St. Kitts is more than just a beach island
By Tab Hauser
GoNOMAD Senior Writer
The Caribbean island of St. Kitts can make any vacationer happy. It has nice beaches and several attractions worth visiting.
When combined with good food and local spirits, you have a wonderful couples or family getaway.
Kitts is located 51 miles south of St. Martin and two miles north of its sister island of Nevis. The island is 18 miles long by 5 miles wide. St. Kitts is a scenic place. Here you will find the best beaches in the lower, narrower section to the south and the tall mountains to the north.
St. Kitts Beaches: Time to Lime
The number one attraction in the tropics is the beaches. St. Kitts has several of them on the Atlantic and Caribbean sides. When it is “time to lime” go to the leeward or Caribbean side. We avoided the beaches on the Atlantic due to the rough surf and wind.
The leeward beaches offer soft sand that appears darker due to its volcanic mix. The surf here during our visit was almost lake-like.
All three locations below had beach clubs that served drinks and food and offered lounge chairs and umbrellas. Some had a small charge for their use, while others had you buy lunch or drinks for their use.
The beach shacks offered reasonable prices. On Cockleshell Bay, a few places sold beer for $3.
Cockleshell Bay Beach is at the southern end of the island. It has a beautiful view of Nevis. The popular Reggae Beach Bar and Grill is sectioned off to the east.
We liked the food there but found it a bit crowded. There is more room on the beach on the other side of the taxi dock. (Insider tip: Ask for the non-cruiser rate on their chairs rentals at Reggae)
South Friars Bay is a pretty stretch of sand. It has four beach bars with the upscale Carambola on the northern side. We enjoyed lunch at the moderate-priced Shipwrecks on the southern end of the beach.
Frigate Bay is the closest to the capital and the smallest beach. There are several beachside restaurants with lounge chairs. We stayed at Timothy’s Resort here because it had its own section of sand away from the day visitors.
St Kitts Off the Beach
For those that want a beach break, St. Kitts is worth exploring.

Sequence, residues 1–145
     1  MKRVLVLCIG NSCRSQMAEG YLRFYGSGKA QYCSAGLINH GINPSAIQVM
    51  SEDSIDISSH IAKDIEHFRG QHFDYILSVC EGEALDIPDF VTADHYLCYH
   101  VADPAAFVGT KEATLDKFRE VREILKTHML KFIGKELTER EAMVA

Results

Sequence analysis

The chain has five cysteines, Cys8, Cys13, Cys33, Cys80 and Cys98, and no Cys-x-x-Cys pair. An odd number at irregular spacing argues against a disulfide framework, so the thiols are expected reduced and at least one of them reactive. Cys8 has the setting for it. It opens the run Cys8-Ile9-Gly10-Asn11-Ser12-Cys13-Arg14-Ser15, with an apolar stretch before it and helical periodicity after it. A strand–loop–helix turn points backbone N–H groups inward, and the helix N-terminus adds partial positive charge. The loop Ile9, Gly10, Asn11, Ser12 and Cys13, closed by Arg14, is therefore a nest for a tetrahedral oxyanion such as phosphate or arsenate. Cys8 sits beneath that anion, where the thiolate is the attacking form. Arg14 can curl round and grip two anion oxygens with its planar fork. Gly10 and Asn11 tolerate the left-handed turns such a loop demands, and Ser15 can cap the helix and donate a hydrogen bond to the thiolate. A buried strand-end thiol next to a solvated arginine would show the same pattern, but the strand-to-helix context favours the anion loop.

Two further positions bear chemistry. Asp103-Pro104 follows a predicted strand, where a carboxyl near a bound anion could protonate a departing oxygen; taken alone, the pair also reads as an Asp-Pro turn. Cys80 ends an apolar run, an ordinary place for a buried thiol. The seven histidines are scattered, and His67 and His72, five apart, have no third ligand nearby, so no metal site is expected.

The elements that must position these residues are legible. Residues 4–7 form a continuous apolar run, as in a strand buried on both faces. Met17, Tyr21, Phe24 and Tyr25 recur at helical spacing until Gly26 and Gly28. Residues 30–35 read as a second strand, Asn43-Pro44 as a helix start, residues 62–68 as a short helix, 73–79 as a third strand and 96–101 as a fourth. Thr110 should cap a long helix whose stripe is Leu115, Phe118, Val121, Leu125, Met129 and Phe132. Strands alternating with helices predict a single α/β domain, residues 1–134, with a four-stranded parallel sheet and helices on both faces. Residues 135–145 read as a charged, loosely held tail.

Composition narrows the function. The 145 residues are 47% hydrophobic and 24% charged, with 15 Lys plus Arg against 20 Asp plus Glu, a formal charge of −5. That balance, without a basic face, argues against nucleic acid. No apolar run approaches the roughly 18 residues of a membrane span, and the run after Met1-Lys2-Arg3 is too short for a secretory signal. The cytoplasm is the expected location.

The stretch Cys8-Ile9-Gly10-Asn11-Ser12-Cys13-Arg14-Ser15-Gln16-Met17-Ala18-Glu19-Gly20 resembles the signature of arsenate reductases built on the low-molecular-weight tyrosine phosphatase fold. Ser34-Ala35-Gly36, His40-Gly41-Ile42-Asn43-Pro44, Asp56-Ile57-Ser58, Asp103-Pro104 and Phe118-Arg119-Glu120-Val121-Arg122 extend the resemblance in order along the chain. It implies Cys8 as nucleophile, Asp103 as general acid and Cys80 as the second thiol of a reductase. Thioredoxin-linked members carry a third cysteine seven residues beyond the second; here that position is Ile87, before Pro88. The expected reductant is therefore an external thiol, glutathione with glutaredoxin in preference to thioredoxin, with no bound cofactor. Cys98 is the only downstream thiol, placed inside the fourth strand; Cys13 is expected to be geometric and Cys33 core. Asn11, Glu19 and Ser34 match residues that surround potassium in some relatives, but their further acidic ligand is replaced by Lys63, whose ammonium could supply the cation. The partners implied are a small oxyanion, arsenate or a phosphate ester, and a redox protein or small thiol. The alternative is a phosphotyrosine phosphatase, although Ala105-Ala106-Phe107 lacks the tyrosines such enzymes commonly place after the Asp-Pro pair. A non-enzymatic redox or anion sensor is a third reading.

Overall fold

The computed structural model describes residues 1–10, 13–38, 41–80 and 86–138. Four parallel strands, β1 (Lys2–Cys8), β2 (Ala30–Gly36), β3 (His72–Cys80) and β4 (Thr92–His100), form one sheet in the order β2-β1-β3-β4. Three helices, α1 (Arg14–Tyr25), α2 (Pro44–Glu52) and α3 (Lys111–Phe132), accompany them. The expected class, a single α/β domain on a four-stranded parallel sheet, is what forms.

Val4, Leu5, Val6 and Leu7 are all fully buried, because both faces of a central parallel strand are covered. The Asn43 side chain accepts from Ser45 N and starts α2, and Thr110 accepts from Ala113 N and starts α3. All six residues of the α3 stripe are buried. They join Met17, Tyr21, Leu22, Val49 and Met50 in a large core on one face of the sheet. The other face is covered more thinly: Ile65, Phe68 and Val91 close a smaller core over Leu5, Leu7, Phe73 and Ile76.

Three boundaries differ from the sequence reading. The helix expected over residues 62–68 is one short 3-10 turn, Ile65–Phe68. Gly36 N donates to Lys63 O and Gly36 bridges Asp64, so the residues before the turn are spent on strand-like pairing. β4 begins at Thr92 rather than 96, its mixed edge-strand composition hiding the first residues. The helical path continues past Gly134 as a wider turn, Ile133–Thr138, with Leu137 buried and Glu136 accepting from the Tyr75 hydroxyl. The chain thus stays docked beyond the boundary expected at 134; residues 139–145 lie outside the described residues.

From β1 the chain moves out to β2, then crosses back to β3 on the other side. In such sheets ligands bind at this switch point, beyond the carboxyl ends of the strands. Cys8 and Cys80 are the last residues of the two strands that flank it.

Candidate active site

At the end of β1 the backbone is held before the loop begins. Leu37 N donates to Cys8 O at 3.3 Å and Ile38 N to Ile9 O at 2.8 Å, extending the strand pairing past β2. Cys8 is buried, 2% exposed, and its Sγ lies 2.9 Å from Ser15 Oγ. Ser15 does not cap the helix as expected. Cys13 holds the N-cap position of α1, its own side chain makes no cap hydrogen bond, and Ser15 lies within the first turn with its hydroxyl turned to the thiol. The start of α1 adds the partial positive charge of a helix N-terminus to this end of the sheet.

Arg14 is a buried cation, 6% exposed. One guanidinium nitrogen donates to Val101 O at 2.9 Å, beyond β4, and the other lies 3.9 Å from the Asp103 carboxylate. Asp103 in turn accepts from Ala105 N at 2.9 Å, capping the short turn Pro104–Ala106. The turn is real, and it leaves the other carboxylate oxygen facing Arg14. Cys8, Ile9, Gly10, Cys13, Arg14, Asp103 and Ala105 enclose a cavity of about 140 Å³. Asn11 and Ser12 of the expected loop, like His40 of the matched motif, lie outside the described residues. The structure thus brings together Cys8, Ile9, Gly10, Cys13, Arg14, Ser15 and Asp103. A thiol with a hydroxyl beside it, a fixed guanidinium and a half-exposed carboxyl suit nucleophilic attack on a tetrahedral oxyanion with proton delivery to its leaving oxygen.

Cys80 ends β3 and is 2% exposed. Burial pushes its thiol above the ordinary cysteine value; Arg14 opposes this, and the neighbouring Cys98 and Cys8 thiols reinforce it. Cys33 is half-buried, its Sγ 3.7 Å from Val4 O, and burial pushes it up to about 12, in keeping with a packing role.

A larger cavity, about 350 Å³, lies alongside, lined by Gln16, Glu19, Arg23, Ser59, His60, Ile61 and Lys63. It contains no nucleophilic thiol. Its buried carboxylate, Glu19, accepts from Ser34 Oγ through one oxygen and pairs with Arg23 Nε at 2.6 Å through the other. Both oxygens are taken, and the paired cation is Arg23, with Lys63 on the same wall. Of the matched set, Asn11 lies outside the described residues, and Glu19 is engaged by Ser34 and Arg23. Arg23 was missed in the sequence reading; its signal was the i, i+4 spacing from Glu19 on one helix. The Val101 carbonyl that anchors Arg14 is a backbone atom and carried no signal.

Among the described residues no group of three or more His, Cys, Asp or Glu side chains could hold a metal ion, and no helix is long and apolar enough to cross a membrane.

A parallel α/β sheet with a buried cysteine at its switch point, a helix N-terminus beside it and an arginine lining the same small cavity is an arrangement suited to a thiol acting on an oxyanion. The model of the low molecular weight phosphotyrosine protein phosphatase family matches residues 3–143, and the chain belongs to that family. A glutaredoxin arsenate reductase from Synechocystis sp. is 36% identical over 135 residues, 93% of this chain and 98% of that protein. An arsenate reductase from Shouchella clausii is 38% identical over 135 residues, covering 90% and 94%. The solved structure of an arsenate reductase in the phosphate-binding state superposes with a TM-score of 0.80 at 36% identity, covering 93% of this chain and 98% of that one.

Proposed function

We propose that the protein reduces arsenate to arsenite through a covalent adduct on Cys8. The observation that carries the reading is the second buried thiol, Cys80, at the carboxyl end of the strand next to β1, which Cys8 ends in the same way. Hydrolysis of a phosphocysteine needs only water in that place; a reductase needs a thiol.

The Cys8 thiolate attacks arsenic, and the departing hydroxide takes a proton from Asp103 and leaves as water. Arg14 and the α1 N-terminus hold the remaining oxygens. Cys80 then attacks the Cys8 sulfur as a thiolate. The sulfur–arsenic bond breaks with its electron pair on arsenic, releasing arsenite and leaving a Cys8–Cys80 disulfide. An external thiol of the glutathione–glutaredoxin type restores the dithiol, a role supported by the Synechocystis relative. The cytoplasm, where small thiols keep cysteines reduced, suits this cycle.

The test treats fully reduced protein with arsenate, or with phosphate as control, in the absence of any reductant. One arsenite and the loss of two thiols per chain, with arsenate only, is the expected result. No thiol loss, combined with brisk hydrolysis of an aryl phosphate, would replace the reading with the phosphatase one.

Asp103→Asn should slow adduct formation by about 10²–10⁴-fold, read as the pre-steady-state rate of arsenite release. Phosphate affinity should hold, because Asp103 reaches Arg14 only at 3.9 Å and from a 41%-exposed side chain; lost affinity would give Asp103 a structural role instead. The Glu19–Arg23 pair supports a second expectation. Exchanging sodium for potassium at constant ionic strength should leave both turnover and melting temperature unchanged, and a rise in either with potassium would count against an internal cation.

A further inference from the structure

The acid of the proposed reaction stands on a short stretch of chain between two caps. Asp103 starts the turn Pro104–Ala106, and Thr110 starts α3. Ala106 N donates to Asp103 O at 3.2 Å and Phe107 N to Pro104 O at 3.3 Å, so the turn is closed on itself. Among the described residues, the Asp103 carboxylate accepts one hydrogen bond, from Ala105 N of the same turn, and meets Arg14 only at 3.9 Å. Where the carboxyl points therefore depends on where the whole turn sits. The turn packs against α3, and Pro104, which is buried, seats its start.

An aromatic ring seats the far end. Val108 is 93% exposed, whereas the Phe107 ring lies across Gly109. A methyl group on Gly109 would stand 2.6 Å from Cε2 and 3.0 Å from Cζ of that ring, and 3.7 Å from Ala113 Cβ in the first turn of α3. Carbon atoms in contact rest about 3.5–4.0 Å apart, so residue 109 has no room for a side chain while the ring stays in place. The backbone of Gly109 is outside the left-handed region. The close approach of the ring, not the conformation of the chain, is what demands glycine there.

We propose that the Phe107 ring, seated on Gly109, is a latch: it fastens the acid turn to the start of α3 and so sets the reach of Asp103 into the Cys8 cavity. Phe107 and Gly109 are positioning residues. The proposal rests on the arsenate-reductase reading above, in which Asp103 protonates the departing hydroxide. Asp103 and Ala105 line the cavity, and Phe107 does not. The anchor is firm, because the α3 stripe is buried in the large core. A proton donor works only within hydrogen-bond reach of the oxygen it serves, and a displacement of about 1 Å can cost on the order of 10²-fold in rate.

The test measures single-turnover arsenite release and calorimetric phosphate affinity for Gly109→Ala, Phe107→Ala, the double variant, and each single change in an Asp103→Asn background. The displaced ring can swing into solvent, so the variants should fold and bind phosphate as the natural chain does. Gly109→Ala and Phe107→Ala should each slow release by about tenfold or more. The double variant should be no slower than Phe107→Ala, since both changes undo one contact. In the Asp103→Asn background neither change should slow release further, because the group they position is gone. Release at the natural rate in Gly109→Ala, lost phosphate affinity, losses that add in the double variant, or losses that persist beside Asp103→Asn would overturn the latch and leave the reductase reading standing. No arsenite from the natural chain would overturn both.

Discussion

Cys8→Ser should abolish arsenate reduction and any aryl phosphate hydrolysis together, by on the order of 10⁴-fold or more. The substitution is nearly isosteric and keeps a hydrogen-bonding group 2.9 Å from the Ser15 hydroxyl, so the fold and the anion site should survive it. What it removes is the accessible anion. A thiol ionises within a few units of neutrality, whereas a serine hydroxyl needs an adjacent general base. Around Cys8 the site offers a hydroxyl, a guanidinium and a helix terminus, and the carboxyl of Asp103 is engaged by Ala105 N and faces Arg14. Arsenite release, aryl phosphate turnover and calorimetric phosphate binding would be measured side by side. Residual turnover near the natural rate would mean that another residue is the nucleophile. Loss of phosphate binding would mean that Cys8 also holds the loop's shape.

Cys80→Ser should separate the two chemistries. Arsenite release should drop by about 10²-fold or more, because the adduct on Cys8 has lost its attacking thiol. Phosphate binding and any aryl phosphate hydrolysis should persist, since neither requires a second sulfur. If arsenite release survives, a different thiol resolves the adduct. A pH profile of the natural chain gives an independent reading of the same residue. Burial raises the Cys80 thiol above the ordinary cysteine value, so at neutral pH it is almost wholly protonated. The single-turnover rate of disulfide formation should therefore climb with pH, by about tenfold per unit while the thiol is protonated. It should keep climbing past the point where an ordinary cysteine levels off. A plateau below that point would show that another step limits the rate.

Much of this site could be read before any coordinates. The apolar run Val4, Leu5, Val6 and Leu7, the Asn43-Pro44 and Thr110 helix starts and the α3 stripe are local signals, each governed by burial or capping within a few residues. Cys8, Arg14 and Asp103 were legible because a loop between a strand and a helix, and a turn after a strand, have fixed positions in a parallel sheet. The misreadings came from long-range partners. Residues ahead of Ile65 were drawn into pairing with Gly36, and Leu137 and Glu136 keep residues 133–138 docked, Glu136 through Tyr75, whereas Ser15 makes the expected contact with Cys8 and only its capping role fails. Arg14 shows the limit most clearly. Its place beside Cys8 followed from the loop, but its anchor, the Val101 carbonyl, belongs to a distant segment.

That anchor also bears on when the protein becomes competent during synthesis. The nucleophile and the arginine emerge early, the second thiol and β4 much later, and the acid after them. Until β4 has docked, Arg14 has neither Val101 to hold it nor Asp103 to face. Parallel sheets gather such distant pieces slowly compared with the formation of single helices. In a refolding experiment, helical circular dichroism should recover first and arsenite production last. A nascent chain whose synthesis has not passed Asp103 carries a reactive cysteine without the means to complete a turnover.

St. Kitts Scenic Railway
If you like trains, a good way to view the island is on the St. Kitts Scenic Railway. It was completed in 1926 and is known as the “last Railway in the West Indies”.
Their three-hour excursion takes guests on a circle around the island. The first 18 miles are via a narrow gauge diesel train and the last 12 miles are by sightseeing bus.
The fun starts with an open bar upon departure. (I did not realize Piña Coladas make a wonderful breakfast drink.)
During our clickity-clack run at 10 mph, an announcer told us the train’s history as well as points of interest on the route.
These included bridges, scenic views, mountains, churches, and ruins of sugar plantations.
On board, two St Kitts traditional masquerade dancers performed for tips. http://www.stkittsscenicrailway.com
Fairview Great House and Rum Tasting
The restored Fairview Great House & Botanical Garden is an example of classic colonial architecture that was built in 1701.
Part one of this tour started with an energetic guide named Tasheba. She explained the history of the house and then led us around the various rooms.
Here we saw period furniture. This included four posted beds, desks, wooden commode toilets, and a dining table for 16.
Visitors were allowed to enjoy the views of the Caribbean Sea and Nevis from the large balcony.
The house tour continued to the kitchen where we viewed the original volcanic stone and brick oven. It finished in the stone basement where there is a room dedicated to St. Kitts slavery past. Kan Tours
Part two of the visit continued to a lecture room complete with a slide show on the Shipwreck brand of flavored rums mixed in St Kitts. (www.brinleygoldshipwreck.com)
Guests were given tastes of a four-year-aged spiced rum along with four flavored rums. After the tour, take a stroll around the 2 ½ acre garden or take a dip in their pool.
UNESCO Fortress with a View
The Brimstone Fortress National Park is one of St. Kitts most popular destinations.
Sitting majestically at 800 feet high on 37 acres, it was once called the Gibraltar of the West Indies. It is multilevel with walls seven to 12 feet thick and canons all around.
Brimstone’s history began in the 1690s with several cannons placed atop it.
It was considered complete in the 1790s and is one of the best-preserved fortifications in the Western Hemisphere.
Restored rooms of the fort act as a museum detailing what life was like.
Even if you are not a fan of military history, come to this side of St. Kitts for the views of the nearby islands.
On a clear day, you can see St. Martin 50 miles away. www.brimstonehillfortress.org
Wingfield Estate and Old Road Rum